Objective: To determine the prevalence of Wegener's granulomatosis (WG) and microscopic polyangiitis (MPA) in the province of Canterbury, New Zealand.
Method: Three hospital clinical databases and the immunology laboratory database were searched and case notes reviewed for patients fulfilling either the 1990 American College of Rheumatology (ACR) criteria for WG or a modification of those criteria that allowed for antineutrophil cytoplasmic antibody (ANCA) positivity in the absence of granulomatous vasculitis. MPA was defined by the Chapel Hill consensus definition; however, in the absence of histological evidence of pauci-immune glomerulonephritis, ANCA positivity in association with evidence of active glomerular disease was included as a criterion. The point prevalence at 31 December 2003 and the 5-yr period prevalence for the interval 1 January 1999 to 31 December 2003 were calculated.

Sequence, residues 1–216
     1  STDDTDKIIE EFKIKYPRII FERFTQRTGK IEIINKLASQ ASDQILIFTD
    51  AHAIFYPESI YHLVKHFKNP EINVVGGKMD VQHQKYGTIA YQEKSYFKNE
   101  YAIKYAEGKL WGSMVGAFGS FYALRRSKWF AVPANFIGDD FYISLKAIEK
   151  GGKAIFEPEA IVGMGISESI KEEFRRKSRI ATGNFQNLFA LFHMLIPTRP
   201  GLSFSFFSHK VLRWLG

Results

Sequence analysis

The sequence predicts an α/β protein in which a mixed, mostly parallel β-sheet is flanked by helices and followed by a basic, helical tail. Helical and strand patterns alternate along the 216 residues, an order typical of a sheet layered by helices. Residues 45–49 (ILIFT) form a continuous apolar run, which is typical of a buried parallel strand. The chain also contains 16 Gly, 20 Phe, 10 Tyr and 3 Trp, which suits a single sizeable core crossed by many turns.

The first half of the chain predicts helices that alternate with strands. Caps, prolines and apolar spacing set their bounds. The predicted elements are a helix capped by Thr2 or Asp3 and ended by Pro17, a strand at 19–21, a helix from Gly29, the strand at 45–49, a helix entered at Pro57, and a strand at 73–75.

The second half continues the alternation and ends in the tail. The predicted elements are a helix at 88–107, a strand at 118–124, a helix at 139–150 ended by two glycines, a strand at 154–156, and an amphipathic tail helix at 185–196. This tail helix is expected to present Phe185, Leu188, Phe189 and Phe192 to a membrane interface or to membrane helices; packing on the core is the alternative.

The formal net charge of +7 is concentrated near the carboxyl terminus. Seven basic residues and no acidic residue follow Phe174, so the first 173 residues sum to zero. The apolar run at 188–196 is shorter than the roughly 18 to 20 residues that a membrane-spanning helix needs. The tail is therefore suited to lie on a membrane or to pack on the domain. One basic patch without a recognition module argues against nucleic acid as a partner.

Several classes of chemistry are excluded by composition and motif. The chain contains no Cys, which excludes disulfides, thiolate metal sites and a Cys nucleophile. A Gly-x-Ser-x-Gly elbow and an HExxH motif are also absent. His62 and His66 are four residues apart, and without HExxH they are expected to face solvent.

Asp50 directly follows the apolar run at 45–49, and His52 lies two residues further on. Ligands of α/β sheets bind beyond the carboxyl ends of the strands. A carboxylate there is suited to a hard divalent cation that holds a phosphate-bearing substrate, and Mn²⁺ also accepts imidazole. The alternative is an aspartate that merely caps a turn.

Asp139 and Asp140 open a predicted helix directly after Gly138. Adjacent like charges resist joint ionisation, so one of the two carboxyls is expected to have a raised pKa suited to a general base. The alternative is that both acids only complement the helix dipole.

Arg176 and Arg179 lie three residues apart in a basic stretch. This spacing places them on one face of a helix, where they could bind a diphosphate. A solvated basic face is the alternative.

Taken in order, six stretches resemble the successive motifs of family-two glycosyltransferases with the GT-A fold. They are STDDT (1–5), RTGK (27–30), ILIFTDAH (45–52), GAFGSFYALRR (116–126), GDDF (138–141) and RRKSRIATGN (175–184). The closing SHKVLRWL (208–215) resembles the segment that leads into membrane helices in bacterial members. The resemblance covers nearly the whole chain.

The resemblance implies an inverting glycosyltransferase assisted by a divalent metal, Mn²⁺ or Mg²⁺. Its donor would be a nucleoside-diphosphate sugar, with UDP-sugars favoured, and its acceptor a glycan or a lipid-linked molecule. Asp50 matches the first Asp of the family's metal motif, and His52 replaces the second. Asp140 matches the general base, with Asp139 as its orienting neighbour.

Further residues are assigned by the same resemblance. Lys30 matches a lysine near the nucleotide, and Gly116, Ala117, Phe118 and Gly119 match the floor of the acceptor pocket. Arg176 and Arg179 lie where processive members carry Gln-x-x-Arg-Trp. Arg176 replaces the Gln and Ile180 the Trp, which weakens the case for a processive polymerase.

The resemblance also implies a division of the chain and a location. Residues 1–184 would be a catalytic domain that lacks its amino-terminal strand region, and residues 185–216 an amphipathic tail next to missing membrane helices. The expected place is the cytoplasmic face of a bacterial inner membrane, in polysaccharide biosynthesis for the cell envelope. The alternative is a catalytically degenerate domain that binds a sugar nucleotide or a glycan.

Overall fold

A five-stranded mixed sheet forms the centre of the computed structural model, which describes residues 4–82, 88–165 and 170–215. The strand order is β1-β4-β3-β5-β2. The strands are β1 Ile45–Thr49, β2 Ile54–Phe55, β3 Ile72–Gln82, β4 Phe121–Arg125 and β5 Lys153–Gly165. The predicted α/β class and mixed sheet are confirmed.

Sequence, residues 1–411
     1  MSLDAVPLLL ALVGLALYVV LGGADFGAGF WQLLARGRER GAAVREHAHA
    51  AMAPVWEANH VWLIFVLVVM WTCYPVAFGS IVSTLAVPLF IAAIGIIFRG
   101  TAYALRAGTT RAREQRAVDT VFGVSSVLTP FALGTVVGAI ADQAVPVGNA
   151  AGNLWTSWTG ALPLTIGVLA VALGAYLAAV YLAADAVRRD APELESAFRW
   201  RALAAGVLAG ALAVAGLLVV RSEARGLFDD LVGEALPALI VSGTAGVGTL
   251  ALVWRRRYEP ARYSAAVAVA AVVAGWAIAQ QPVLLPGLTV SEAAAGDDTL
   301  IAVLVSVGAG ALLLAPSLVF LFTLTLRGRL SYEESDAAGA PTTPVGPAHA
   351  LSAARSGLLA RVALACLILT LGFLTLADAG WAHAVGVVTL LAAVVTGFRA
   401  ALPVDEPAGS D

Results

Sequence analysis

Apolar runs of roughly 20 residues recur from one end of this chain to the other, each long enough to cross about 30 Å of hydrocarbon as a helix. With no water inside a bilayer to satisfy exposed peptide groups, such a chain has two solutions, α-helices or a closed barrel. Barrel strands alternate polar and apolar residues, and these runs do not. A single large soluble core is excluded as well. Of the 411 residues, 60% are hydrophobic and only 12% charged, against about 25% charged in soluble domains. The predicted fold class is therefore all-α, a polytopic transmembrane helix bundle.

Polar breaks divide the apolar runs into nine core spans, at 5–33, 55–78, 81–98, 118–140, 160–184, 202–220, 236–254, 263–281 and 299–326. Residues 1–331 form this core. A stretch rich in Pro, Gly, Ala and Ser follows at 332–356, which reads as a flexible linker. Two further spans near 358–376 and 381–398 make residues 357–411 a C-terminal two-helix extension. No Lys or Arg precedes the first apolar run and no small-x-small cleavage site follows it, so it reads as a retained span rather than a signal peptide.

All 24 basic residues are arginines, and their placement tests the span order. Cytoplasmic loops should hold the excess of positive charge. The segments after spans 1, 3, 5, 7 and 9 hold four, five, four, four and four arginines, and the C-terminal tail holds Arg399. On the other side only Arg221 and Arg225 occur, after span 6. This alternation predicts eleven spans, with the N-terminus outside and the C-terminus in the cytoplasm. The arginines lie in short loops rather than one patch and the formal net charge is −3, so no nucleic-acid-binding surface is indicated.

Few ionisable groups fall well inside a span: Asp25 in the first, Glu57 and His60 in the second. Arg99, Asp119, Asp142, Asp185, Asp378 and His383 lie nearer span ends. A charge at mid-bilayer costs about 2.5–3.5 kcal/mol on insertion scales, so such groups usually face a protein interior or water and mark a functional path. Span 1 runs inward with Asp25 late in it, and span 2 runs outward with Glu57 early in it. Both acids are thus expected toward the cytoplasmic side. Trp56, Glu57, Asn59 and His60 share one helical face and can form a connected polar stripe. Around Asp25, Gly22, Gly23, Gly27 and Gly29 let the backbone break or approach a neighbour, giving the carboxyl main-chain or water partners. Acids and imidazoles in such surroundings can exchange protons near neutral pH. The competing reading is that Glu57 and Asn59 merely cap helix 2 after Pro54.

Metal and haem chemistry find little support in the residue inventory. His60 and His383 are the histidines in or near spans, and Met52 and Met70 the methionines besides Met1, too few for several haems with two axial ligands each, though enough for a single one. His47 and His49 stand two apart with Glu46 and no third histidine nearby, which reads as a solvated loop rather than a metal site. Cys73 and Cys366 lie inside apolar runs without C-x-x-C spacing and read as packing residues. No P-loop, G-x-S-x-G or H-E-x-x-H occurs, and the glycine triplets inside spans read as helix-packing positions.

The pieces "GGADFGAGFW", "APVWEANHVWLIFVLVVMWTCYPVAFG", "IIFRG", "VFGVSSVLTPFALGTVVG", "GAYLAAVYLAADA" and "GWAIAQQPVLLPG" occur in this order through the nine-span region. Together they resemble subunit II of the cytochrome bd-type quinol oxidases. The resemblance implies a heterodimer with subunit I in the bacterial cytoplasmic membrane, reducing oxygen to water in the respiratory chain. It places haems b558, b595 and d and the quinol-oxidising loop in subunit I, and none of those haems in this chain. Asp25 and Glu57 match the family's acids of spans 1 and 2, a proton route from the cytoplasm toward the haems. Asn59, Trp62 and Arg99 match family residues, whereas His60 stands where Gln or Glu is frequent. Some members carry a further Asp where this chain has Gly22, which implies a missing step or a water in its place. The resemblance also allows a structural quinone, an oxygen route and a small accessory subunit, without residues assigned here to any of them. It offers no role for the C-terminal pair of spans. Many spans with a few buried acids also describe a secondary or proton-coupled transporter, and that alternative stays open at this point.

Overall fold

Results: Seventy-three patients with WG and 28 patients with MPA fulfilled the inclusion criteria. A 5-yr period prevalence of 152 WG cases/million [95% confidence interval (CI) 117-186] and 58 MPA cases/million (95% CI 37-80) was calculated using 2001 census data as denominator. Nineteen patients with WG died and 10 patients with MPA died during the study period, resulting in a point prevalence for survivors at 31 December 2003 of 112 cases/million (95% CI 82-142) and 37 cases/million (95% CI 20-55), respectively. Using unmodified ACR criteria the 5-yr period and point prevalence for WG were 131/million (95% CI 99-163) and 93.5/million (95% CI 66-121), respectively. Apart from respiratory tract involvement, which formed part of the case definition of WG, organ involvement was similar in both diseases.
Conclusion: The prevalence of WG and MPA in Canterbury is the highest reported to date. Restricting the case definition of WG to the ACR classification criteria we found a prevalence equivalent to that described in northern Norway. The clinical severity and serological characteristics were similar to descriptions in other WG and MPA patient cohorts. Studies of disease prevalence in other Southern Hemisphere centres will determine if the observed north-south negative disease gradient in the Northern Hemisphere is reciprocated.